And then there is Diablo Cody. Most know her as the writer of Juno, the highly stylized dialog fest about a pregnant high schooler.  She continued to write for film and TV, calming down her style slightly with Showtime’s The United States of Tara. I would compare Young Adult more to this series, but no matter the extent of the stylization of the words, the one thing that always stays the same is her ability to make memorable characters. You might not know someone exactly like these characters, such as Jennifer in Jennifer’s Body, but there is still plenty of truth there.

And let’s face it, Cody knows how to produce hilarious dialog, which was complimented greatly with Theron and Patton Oswalt.

Alan:  Cody does know how to write memorable characters, however she tends to overwrite a bit in those projects (United States of Tara not so much).  There are definitely moments throughout the film that it is a bit overwritten, but she usually counters it with some pretty subtle moments between the characters.  Reitman probably helped with this nice, subtle moment creation as well between the characters in Young Adult (even the supporting ones).

Now, about Mavis.  I saw Bad Teacher, and yeah, she was an awful person.  Mavis tops her though, with moments and lines throughout that just made me cringe.  The ending (which I wish I could spoil) killed me; I hated her throughout this entire movie and was completely disappointed in her character arc.  That left me with such a sour taste in my mouth.  I saw this film about two weeks ago, and besides the great performance by Patton Oswalt, the last conversation stuck with me.  I don’t know about you, but the payoff just wasn’t there for me.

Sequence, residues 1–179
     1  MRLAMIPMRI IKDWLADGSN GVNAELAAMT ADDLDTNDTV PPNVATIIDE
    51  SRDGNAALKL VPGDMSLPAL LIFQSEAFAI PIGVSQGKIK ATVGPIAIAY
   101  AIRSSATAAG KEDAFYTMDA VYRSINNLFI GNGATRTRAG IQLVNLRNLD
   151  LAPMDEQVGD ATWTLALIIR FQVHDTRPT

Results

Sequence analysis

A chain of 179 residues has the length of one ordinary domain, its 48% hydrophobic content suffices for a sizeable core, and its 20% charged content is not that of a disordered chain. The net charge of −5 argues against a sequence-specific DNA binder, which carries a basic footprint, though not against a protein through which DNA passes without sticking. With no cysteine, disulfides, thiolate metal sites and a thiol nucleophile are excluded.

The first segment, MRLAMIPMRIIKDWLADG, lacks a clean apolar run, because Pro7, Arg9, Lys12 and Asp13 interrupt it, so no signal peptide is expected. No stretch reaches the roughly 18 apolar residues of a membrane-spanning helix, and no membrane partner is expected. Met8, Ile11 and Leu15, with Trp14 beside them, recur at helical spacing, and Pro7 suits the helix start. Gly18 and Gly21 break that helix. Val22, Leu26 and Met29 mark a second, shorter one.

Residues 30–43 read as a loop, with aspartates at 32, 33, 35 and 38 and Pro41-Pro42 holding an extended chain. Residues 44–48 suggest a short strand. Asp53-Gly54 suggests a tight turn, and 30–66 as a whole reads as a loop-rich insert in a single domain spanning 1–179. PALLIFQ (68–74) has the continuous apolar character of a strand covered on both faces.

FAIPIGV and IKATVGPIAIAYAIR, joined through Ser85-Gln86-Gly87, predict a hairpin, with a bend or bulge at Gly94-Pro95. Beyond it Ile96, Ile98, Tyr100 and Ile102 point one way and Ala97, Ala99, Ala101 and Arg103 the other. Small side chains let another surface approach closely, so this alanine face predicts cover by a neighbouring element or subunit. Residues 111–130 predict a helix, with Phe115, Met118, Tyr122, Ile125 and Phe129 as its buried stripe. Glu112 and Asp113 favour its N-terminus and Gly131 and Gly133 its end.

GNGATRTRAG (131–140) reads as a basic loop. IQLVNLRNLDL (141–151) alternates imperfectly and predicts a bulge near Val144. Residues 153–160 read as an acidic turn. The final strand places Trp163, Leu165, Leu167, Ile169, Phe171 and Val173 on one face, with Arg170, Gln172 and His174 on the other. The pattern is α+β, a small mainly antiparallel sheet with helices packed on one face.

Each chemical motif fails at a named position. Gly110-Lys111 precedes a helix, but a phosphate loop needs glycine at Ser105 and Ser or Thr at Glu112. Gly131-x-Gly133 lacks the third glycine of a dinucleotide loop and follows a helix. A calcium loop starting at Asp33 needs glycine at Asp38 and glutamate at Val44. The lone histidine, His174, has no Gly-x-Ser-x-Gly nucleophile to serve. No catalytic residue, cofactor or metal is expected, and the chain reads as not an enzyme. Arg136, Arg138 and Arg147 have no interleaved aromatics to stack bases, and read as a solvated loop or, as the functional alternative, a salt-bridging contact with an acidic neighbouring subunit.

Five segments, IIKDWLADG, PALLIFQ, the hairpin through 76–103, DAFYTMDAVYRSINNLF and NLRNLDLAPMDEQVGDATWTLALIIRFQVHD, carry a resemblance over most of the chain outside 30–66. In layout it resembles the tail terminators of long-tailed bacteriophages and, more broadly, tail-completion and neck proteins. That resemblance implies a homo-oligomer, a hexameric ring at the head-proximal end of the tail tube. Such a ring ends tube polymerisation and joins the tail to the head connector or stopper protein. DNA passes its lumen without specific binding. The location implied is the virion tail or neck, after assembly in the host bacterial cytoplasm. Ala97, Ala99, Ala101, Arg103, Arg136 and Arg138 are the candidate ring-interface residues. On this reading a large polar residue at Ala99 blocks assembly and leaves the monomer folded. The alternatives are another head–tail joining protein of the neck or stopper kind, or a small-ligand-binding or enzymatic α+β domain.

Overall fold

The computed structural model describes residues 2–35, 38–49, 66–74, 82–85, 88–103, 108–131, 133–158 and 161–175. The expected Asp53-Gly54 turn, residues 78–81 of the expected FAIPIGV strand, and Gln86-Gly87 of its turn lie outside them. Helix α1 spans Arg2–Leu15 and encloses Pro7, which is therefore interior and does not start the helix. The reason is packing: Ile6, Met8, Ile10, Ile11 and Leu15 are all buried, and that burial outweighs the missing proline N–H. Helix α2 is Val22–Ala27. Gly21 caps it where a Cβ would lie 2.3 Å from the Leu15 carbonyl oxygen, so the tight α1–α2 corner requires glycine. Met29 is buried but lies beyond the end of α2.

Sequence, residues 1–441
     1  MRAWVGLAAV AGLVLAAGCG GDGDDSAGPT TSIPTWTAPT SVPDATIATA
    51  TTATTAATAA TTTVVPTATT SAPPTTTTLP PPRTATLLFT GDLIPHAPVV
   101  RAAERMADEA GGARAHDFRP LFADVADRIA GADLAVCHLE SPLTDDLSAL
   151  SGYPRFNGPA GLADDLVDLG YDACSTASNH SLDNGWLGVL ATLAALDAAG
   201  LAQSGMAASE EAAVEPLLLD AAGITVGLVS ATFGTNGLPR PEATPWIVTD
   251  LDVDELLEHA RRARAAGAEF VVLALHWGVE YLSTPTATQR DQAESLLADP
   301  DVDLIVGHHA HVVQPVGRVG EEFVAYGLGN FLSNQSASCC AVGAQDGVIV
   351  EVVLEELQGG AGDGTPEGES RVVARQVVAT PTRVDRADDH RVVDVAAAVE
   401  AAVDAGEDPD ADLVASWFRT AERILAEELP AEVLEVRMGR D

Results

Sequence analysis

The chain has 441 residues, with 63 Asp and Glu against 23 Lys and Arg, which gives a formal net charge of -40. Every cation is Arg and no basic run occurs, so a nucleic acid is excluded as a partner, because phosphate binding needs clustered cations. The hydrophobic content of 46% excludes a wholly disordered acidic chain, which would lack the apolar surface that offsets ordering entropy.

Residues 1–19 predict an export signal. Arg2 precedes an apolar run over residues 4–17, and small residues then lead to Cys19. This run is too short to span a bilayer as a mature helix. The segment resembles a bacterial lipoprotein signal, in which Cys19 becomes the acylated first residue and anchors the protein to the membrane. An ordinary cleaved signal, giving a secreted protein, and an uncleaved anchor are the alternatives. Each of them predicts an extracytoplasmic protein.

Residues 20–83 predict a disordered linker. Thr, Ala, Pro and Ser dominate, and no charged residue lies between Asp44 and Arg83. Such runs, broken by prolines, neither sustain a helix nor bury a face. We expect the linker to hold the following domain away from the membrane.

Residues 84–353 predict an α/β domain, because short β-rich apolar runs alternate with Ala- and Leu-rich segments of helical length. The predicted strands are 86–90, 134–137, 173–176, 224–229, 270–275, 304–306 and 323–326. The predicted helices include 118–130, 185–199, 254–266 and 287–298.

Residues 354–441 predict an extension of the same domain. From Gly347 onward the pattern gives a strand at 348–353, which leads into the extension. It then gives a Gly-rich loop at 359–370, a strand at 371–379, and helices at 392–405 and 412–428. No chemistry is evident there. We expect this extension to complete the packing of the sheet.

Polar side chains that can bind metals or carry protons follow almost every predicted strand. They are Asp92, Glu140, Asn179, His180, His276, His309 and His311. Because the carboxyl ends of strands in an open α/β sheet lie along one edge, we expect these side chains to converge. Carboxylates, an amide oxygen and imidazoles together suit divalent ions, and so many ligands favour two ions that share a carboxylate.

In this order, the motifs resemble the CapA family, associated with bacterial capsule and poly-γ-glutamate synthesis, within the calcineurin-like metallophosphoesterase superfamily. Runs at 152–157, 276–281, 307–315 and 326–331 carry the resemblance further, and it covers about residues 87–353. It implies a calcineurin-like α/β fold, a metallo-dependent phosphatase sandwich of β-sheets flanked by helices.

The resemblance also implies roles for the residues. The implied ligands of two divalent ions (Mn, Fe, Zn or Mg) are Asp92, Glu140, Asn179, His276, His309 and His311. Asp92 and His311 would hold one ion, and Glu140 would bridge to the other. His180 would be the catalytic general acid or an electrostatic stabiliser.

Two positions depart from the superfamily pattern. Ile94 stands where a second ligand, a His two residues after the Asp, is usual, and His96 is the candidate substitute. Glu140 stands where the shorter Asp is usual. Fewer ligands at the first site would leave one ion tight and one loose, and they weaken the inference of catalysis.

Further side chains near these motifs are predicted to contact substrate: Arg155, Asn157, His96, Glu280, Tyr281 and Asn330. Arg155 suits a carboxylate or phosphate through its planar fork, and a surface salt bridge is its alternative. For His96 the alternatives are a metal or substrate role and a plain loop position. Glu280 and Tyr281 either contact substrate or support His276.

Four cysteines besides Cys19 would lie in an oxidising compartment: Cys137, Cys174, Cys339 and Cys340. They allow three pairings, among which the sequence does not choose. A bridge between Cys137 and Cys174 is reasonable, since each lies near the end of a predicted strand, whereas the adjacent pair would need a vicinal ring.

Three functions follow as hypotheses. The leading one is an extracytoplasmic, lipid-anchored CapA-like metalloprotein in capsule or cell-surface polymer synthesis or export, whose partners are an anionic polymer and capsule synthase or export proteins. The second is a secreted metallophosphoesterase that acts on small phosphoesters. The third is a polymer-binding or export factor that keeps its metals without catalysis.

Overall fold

Lauren:  Well I guess you could call it overwriting if you look at it a certain way… I like to call it emphasizing their problem areas.  Juno had her crazy preggo/teenage hormone brain, Jennifer was possessed by a demon, Tara is suffering from multiple personalities, and Mavis has some psychological scars that she hasn’t dealt with.

And as for your defeatist attitude with the ending, I still like to be pretty hopeful about it because she does admit to certain things about herself, so fingers crossed for her getting helped.  But most importantly, she better take better care of that dog!

Alan:  I know she admitted her flaws and mistakes later in the film, but towards the end, when it mimics the beginning, it almost shows that her ways will not change as much as the viewer would want.

This film is still funny, from beginning to end, though I just wish there was a bigger payoff.

Lauren:  Well before I start joining in with the chorus behind me singing “You Can’t Always Get What You Want” I guess we will just have to agree to disagree on our acceptance of the ending.  I just know that though I wished for something else like you did, instead of being annoyed with her, I found it easy to pity her, which was change enough for me.

Alan’s Final Grade: C+

Lauren’s Final Grade: B